One of the most frequent data requests I’ve been getting recently relates to packaging. As with everything in craft, packaging is an area where change is the constant, so older analyses quickly go out of date.
Packaging is also an area where there are clearly opportunities to differentiate. In our latest Nielsen Craft Insights Panel (CIP), “container type” was the area where the highest percentage (55%) of craft drinkers said there was “not enough” variety, versus 29% for “more than enough” and 16% for “just enough.”
Let’s start with overall trends. First, bottles continue to be the dominant package chosen by craft brewers, but that dominance has continued to ebb. The below graph shows bottles versus cans in absolute volume and as a percentage of craft (scan) volume from 2011 to late in 2016 (Source: IRI Group MULO+C, Total U.S.). As you can see, bottles still clearly outsell cans, but the can percentage has continued to rise. Note that the percentage rise isn’t because of a decline in bottle sales (which have continued to climb), but simply because the increase in can sales has been faster than the increase in bottle sales.
From a consumer perspective, this may be partially due to the closing gap in the perception of bottles and cans. Looking again at the CIP survey, bottles still outperform cans on consumer perceptions of taste, quality, freshness, and value, but those gaps have closed. The full data from that survey is available to members here.
Who is driving these shifts, both size-wise and geographically? Let’s start with size. As you can see from the data below, smaller craft brewers have shifted much more heavily into cans than larger craft brewers. Many of these brewers likely started out by installing a canning line versus a bottling line, whereas larger craft brewers started in an era when that would have been practically unheard of.
|Craft Cans as % of Scan Volume|
|Brewery Size (CEs)||2013||2016|
|1,000 to 9,999||20.6%||40.1%|
|10,000 to 99,999||18.2%||42.3%|
|100,000 to 999,999||4.3%||24.7%|
|1,000,000 to 9,999,999||3.9%||11.1%|
Source: IRI Group, Total U.S., MULO+C, YTD as of 11/27/16. Data uses IRI Craft Definition.
As you can see, every size category has increased its can share, but the largest craft brewers (who still move most of the volume) have shifted more slowly. Again, this makes sense, as they largely built their brands on bottle packaging. Note that the 17% of scan volume in cans translates to roughly 12% of overall craft volume, as 30% of craft volume is non-packaged (draught).
Geographically, there is a pretty wide range state-to-state. The following scan data shows the percentage of sales (not necessarily production) on a state-by-state basis. The percentages range from Colorado, where ~45% of craft sales are in cans, to Oklahoma, where it’s still only 5%. The size of the bubbles represents the size of can sales in scan data, which may not be comparable (so take with a grain of salt). So large states with low percentages (like California) can still have relatively large bubbles. I find it interesting that the distribution has slowly shifted right every year, suggesting that these trends are occurring basically everywhere, albeit at different rates. In the future, it might be interesting to try and find a “tipping point” where a certain percentage of can sales leads to larger increases down the line.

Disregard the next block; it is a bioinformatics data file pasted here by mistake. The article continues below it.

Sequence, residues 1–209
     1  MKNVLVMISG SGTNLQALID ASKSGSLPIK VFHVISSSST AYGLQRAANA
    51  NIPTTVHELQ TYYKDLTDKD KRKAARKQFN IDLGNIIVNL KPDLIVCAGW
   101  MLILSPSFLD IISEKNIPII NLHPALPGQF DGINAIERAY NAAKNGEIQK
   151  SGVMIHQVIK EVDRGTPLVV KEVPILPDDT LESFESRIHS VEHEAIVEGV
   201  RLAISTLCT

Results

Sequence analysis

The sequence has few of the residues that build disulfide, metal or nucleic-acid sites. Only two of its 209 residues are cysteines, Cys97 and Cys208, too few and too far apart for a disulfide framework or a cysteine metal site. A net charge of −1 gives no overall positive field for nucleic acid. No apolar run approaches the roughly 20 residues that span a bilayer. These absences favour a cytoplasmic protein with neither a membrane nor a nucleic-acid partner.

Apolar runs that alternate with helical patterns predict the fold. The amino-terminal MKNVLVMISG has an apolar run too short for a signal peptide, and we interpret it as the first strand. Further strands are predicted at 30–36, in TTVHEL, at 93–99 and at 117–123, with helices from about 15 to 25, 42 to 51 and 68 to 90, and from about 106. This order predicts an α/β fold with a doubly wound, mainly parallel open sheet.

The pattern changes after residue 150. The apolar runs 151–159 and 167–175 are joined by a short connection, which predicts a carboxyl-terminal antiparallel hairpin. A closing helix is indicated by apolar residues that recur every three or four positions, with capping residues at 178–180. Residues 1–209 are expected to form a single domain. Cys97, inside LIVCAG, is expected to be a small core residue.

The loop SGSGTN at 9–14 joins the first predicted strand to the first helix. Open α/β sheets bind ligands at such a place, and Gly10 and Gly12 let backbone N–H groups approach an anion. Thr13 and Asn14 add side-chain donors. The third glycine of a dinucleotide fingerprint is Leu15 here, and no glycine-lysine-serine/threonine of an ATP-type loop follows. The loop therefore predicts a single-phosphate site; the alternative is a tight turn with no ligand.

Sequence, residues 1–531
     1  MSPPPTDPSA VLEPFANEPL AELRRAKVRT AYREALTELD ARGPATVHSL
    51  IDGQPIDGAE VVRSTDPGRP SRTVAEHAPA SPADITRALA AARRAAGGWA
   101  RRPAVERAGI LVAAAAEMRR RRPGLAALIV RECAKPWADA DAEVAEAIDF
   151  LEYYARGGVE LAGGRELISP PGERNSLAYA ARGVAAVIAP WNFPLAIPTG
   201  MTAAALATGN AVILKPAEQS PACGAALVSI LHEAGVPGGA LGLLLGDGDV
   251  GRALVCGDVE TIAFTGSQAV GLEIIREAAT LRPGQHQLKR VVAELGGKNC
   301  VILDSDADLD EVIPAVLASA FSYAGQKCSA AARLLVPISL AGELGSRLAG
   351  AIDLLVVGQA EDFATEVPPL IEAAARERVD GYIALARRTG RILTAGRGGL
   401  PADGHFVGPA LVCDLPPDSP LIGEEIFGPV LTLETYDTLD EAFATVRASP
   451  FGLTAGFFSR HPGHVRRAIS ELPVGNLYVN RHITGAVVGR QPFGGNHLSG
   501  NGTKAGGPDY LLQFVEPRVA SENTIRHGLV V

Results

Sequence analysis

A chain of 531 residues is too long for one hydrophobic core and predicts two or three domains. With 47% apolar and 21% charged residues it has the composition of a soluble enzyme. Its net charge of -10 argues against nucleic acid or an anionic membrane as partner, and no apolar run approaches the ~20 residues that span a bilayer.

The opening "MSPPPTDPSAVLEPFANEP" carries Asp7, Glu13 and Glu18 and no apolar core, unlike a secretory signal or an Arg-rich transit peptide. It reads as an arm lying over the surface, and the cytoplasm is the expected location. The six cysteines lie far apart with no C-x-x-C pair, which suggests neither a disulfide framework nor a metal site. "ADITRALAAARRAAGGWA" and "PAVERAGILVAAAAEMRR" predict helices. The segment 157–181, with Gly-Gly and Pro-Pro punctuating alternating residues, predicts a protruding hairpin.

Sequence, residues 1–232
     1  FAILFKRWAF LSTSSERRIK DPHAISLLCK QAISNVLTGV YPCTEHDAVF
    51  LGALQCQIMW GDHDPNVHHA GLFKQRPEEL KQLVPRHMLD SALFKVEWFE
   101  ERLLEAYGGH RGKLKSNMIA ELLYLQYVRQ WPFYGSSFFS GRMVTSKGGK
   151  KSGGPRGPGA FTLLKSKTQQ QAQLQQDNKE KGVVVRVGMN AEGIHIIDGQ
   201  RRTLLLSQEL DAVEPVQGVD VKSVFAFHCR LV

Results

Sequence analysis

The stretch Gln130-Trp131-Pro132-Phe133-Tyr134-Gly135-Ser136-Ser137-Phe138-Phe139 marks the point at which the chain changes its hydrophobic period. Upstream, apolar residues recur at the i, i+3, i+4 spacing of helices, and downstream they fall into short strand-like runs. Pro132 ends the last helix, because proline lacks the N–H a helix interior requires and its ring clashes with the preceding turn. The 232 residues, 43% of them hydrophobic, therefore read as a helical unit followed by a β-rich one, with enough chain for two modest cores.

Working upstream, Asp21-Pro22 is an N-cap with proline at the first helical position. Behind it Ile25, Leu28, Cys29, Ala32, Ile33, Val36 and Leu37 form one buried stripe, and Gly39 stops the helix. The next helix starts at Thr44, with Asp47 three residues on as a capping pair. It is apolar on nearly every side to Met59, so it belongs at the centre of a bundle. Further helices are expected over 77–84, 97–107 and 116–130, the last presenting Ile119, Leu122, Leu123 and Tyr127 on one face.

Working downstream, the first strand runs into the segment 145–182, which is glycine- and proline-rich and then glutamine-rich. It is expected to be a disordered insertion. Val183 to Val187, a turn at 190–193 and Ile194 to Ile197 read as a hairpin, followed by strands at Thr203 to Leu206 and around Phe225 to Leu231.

Finally, let’s look at package size. First, I’ll start with cans. For a while, it looked like 16oz cans had gained a lot of momentum. If you’ve followed along in recent IRI power hours, you’ve seen that they’ve typically been growing faster than 12oz. Well, in 2016 that changed, and 12oz took back some can share from 16oz. A lot of this was regional craft brewers moving into the 12oz format, often in larger pack sizes. In the graph below, the height of the bars represents total case equivalents sold (so 16oz still grew) with the percentage of can volume on top. As you can see, formats other than 12oz and 16oz have struggled to gain much traction, even if they are intriguing single-serve formats for channels like convenience.
Let’s end with bottles, which as I stressed at the outset are still the largest package for craft brewers. Below I’ve broken out craft and all beer and shown the percentage of volume that goes into a couple of key packages. As you can see, craft is very concentrated in bottles around 12oz six- and 12-packs (91.9% of packages in those two formats), whereas there is more diversity in all beer (only 59.8% in those two).
Some of this reflects velocity; there aren’t a lot of craft brands that can command more than a few pack sizes. However, it may also show an opportunity. The opening question about “container type” didn’t give the surveyed beer lover much direction, so it’s equally possible that some percentage of those who said they wanted more weren’t just talking about cans vs. bottles, but diversity of pack sizes within a particular container type, such as moving bottles beyond the six- and 12-pack.
To sum up, remember that bottles still dominate craft volume. While both cans and bottles have increased in volume, cans have taken share in the past few years as they have grown faster than bottles. We can attribute this to many factors including a closing perception gap around characteristics like quality (where bottles still lead but cans are catching up), smaller brewers moving more forcefully into cans, and beer lovers who continue to want more diversity in packaging. That final point—desire for more package diversity—suggests opportunities for both package types, particularly as craft brands continue to build in volume and velocity.